A proposed ceded lands payback agreement signed Jan. 17 between the state and Office of Hawaiian Affairs (OHA) has triggered an impassioned public debate over what lands actually belong to Native Hawaiians and what form their self-government may take.
At the crux of the matter is the rightful ownership of some 1.8 million acres of the Hawaiian Kingdom public lands– comprising an estimated 40 percent of Hawai’i’s total land mass and 95 percent of all acreage under state control — and who should determine how they are used. The agreement, originally called a settlement and now incorporated into House Bill 266, would give OHA $200 million in land and cash as back-due payment from ceded lands income and a to-be-determined share of future revenues.
The state/OHA deal was followed two weeks later by a Hawai’i Supreme Court ruling that bars the state from selling any of the ‘ceded lands’ until the question of their ownership is resolved.
Whether the Hawaiian nation and its territory will be determined through international law, independence or the Akaka Bill, which would establish a nation-within-a-nation under federal jurisdiction on the Native Americans model, is a hot topic. The Akaka Bill has been endorsed by Gov. Linda Lingle, Attorney General Mark Bennett, presidential hopefuls Sen. Barack Obama and Sen. Hillary Clinton, and OHA, itself a state agency.
Groups seeking Hawaiian independence fear that the current proposed agreement is effectively positioning OHA to assume the role of a native governing entity as envisioned by the Akaka bill.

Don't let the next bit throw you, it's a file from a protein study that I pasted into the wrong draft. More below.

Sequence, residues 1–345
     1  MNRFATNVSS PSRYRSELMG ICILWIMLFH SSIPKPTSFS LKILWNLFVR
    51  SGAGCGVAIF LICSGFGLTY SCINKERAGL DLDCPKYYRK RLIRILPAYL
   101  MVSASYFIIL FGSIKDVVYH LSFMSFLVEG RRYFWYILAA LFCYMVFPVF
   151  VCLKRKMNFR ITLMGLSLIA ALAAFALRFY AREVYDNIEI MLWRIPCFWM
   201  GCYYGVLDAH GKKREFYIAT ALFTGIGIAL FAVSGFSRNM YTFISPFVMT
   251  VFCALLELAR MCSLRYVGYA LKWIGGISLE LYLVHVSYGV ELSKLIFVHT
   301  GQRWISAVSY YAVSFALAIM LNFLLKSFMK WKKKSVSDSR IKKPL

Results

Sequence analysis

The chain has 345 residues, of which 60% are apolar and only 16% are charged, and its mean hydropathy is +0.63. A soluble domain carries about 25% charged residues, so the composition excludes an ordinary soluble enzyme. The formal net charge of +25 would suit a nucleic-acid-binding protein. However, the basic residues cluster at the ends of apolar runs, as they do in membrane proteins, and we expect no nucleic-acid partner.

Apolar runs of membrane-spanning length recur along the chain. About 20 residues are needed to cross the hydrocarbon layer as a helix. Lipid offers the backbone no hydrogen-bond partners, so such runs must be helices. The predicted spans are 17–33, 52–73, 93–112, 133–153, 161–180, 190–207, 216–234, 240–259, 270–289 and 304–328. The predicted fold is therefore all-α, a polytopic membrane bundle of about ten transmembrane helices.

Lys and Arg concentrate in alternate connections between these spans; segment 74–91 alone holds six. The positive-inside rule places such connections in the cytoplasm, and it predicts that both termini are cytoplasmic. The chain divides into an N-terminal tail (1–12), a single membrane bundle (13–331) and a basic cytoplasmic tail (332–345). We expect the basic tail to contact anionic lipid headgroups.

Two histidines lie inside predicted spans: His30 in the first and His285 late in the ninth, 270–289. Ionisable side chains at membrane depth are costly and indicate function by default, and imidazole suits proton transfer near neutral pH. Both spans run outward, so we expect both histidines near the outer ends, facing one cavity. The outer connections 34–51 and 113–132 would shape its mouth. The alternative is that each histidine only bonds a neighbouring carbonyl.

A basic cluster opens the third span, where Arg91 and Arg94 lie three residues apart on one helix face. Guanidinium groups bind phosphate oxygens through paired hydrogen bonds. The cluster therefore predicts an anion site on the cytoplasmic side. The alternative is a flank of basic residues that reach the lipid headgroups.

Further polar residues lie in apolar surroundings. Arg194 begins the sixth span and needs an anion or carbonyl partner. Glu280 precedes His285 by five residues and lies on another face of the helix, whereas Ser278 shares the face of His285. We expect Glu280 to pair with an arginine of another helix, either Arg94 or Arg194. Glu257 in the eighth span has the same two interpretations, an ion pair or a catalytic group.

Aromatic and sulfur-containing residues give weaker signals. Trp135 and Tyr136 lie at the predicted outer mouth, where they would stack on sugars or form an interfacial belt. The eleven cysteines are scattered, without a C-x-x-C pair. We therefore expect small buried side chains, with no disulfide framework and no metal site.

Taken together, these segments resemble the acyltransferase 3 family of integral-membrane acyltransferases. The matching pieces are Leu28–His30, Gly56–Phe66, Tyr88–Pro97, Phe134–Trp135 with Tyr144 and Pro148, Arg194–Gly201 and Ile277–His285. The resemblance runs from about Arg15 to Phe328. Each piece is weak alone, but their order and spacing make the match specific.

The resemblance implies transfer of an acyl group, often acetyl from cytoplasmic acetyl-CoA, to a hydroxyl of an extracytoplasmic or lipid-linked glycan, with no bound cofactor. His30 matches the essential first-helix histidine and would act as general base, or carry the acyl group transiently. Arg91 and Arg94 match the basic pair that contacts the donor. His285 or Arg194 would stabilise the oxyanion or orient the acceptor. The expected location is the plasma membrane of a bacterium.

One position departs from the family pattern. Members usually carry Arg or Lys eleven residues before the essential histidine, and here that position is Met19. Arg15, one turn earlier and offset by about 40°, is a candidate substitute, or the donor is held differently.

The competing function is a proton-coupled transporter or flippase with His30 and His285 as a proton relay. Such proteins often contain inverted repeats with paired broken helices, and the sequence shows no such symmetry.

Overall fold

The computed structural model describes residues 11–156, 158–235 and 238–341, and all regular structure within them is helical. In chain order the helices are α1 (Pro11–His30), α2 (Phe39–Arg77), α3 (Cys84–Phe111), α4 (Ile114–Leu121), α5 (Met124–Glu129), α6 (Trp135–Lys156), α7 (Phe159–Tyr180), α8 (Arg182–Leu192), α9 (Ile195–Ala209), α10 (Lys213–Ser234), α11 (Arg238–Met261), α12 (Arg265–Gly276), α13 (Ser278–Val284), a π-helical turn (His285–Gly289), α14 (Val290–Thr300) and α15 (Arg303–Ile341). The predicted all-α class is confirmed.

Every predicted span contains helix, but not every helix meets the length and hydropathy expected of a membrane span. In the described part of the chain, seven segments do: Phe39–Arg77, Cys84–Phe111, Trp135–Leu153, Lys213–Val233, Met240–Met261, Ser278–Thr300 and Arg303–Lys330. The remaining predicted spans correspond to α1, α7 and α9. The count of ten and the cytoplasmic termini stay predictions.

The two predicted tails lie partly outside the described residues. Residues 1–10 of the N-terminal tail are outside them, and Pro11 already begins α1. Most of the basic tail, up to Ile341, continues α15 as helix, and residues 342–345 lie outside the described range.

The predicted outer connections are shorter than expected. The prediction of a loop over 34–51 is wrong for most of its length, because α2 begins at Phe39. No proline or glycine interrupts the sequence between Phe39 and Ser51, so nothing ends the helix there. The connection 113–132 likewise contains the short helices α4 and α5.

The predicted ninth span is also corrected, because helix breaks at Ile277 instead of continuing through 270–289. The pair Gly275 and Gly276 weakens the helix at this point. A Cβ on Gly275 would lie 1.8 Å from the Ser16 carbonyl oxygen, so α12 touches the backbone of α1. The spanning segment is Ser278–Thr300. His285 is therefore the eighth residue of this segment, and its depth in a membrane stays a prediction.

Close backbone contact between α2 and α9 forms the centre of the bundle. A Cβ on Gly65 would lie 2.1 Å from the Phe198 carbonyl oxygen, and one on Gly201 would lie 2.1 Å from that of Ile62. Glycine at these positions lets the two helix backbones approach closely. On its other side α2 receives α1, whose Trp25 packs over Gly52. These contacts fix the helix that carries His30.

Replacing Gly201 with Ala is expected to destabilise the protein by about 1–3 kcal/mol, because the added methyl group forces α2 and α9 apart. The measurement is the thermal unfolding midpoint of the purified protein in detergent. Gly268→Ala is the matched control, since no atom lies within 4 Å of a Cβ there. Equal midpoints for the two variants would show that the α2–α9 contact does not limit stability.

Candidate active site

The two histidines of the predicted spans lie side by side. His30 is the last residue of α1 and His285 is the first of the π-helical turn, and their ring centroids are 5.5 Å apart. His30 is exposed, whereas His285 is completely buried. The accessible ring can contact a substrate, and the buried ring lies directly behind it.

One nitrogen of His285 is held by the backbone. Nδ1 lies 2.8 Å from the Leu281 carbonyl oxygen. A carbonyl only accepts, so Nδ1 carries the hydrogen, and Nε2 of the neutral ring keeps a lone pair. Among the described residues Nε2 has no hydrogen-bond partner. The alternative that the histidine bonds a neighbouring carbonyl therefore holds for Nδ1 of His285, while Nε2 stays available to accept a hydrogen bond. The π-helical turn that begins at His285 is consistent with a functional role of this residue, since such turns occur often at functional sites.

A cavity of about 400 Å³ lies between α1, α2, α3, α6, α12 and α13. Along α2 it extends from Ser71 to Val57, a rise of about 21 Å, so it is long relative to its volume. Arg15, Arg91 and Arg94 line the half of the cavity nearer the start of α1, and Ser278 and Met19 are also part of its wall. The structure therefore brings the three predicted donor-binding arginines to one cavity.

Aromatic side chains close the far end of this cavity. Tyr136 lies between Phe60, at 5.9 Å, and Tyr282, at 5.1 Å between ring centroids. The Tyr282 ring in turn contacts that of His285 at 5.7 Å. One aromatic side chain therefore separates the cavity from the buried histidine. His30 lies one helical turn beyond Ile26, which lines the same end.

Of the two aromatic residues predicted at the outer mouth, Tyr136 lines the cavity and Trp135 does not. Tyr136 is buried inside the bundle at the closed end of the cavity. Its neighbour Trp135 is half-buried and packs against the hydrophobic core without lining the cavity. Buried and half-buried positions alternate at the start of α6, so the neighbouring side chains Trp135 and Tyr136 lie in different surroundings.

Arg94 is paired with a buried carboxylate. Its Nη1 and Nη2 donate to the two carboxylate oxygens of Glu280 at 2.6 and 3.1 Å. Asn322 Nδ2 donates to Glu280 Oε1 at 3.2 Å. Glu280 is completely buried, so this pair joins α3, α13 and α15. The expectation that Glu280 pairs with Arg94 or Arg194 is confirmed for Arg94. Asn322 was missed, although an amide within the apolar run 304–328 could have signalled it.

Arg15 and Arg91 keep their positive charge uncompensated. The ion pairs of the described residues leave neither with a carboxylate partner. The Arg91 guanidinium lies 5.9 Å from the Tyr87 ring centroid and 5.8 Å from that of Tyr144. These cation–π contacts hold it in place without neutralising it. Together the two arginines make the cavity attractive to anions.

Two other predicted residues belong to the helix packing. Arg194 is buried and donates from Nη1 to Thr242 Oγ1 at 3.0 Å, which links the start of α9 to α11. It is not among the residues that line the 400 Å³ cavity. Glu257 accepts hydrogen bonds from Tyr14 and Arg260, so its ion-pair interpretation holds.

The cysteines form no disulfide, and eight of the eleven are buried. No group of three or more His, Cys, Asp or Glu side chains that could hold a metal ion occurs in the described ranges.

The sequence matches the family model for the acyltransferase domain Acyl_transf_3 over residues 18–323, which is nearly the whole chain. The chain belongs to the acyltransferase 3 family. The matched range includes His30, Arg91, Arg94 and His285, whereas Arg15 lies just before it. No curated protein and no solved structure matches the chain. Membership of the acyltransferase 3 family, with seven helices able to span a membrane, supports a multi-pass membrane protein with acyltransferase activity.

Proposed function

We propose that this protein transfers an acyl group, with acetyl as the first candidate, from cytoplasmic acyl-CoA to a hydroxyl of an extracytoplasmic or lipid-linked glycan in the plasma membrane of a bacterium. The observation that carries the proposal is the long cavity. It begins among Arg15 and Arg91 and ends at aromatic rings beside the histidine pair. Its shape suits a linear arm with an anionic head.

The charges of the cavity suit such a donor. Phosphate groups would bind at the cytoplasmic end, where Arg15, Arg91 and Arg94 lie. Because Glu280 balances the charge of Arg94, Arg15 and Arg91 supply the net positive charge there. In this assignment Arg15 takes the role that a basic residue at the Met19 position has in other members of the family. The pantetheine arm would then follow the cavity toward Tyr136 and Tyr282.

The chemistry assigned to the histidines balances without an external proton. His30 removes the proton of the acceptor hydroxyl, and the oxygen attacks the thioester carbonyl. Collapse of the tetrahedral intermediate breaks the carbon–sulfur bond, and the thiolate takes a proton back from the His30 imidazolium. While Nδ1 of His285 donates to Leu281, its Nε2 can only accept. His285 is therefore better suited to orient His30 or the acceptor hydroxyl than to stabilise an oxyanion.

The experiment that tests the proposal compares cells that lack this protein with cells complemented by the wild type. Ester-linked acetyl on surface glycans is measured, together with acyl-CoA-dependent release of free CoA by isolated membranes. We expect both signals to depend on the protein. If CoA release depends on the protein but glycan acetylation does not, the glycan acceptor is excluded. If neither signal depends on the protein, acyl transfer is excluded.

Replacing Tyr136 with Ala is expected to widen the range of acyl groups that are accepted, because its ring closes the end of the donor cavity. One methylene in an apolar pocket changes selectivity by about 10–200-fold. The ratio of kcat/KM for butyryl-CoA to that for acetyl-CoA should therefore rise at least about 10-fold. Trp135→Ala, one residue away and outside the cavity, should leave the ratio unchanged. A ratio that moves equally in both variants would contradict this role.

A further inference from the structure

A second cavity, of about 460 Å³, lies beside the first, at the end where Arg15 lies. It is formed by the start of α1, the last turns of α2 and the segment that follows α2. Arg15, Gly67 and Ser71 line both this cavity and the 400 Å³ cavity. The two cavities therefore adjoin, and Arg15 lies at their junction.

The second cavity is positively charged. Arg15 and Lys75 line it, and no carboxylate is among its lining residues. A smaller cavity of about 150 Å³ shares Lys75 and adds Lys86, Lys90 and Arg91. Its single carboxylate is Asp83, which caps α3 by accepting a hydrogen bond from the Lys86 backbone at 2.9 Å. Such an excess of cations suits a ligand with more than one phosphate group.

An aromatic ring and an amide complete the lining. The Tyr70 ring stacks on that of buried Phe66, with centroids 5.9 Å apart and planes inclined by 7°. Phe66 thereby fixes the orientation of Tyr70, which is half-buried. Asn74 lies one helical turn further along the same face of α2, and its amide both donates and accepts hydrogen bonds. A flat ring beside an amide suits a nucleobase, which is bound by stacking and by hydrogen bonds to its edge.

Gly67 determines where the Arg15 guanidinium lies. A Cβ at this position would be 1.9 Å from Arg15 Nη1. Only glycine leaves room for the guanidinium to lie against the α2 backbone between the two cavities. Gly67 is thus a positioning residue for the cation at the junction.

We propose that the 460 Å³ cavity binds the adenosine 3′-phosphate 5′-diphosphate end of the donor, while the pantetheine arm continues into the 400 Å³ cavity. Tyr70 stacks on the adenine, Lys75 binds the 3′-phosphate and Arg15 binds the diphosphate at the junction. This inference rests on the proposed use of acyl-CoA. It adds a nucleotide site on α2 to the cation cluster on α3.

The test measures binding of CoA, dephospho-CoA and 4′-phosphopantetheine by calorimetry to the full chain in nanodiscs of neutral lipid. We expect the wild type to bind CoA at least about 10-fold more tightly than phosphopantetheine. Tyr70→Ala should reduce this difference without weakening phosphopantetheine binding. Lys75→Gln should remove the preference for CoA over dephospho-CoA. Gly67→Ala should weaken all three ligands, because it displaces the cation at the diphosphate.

While some OHA trustees and the attorneys who negotiated the deal on the agency’s behalf are touting the settlement as a good deal for Hawaiians, independence advocates view the entire process as a sham, saying neither the state nor OHA has legal jurisdiction over the ceded lands.
‘It’s just perpetuating a fraud,’ said Dr. Kekuni Blaisdell, a member of the Kanaka Maoli Tribunal Komike, which wants to see Hawaii returned to the United Nation’s list of non-self-governing territories eligible for de-colonization. Hawai’i was placed on the list in 1946 and removed following the vote for statehood — a vote the group believes was conducted illegally because the option of independence was not on the ballot.
‘It’s giving the fraud some degree of respectability it doesn’t deserve,’ Blaisdell said of the agreement. ‘What is needed is revelation of the truth.’
The truth is that the lands in question, while often referred to as ‘ceded,’ were actually seized from the Kingdom of Hawai’i during the 1893 overthrow of the monarchy. One hundred years later, the U.S. Congress deemed that action unlawful when it approved the ‘Apology Resolution.’
‘Our land was taken at the point of a gun and now the Hawaiians are begging and suing day in and day out to get what is rightfully ours,’ said Naliko Markel, a minister with the Reinstated Hawaiian Kingdom.
In 1898, the Republic of Hawai’i — led by those who masterminded the coup — ‘ceded’ control of 1.8 million acres of Kingdom lands to the U.S. government and sold the rest to private parties.